Augustus Raymond Margary

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Augustus Raymond Margary (26 May 1846 – 21 February 1875) was a British diplomat and explorer. The murder of Margary and his entire staff, while surveying overland Asian trade routes, sparked the Margary Affair which led to the Chefoo Convention.

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Education and early career

Margary was born in the city of Belgaum, in British India as the third son of Major General Henry Joshua Margary (d. 1876). Margary was educated in France, at Brighton College and University College in London. Having failed the entrance exam for the foreign service three times, Margary finally passed the exam and was appointed student interpreter in the British consular service in China in February 1867 and left for China the following month. In China, he served in the British Legation in Beijing, and the British consulates in Taiwan, Shanghai and Yantai.

The "Margary Affair"

As part of efforts to explore overland trade routes between British India and China, Margary was sent from Shanghai through southwest China to Bhamo in Upper Burma, where he was supposed to meet Colonel Horace Albert Browne (1832-1914). It took Margary six months to make the 1800-mile journey through the provinces of Sichuan, Guizhou and Yunnan, after which he met Browne in Bhamo in late 1874. On the journey back to Shanghai, Margary heard rumors that the return route was not safe and changed the route to Tengyue, where he and his personal staff were murdered on 21 February 1875.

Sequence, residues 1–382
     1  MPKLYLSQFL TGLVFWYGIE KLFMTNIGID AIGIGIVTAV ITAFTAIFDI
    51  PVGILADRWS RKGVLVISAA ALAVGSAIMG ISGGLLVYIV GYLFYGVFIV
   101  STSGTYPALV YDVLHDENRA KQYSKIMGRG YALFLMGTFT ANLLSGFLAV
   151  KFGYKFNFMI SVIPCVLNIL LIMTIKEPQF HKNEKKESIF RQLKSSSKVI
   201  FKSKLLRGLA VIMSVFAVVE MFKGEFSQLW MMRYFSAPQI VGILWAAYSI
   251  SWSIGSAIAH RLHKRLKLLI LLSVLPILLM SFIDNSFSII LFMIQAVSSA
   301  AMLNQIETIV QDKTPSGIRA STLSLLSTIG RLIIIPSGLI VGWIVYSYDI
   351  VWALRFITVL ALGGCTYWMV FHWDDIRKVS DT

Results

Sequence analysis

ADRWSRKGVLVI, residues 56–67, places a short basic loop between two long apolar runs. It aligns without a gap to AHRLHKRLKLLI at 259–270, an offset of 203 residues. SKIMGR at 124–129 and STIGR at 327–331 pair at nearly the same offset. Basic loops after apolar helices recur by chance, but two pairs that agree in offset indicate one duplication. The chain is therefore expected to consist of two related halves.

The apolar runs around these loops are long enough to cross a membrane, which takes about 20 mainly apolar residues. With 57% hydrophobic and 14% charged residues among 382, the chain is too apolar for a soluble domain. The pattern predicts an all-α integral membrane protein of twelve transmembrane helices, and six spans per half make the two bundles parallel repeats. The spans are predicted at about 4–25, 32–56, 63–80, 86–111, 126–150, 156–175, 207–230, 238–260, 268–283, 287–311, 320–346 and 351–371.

According to Jonathan Spence, Margary was part of a survey team exploring routes from Burma into Yunnan. [1] Susan Orlean gives a different account: "The linguist and plant collector Augustus Margary survived toothache, rheumatism, pleurisy, and dysentery while sailing the Yangtze only to be murdered when he completed his mission and sailed beyond Bhamo" [2]

Consequences

The murder of Margary, or the "Margary Affair" as it was known, created a diplomatic crisis and gave British authorities an excuse to put pressure on the Qing government on a number of unrelated issues. The crisis was only resolved in 1876 when Thomas Francis Wade and Li Hongzhang signed the Chefoo Convention, which covered a number of diplomatic/political items. The British demanded, and got, according to Spence, an indemnity of 700,000 taels of silver, a mission of apology to Queen Victoria, and four more treaty ports.

In 1880, a memorial was erected to the memory of Margary, which was moved to the Public Gardens in 1907. The memorial was removed during the Japanese occupation of Shanghai and was never restored after Japan's defeat in World War Two.

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References

  1. Spence 1990, p. 220.
  2. Orlean 1999, p. 55.
Bibliography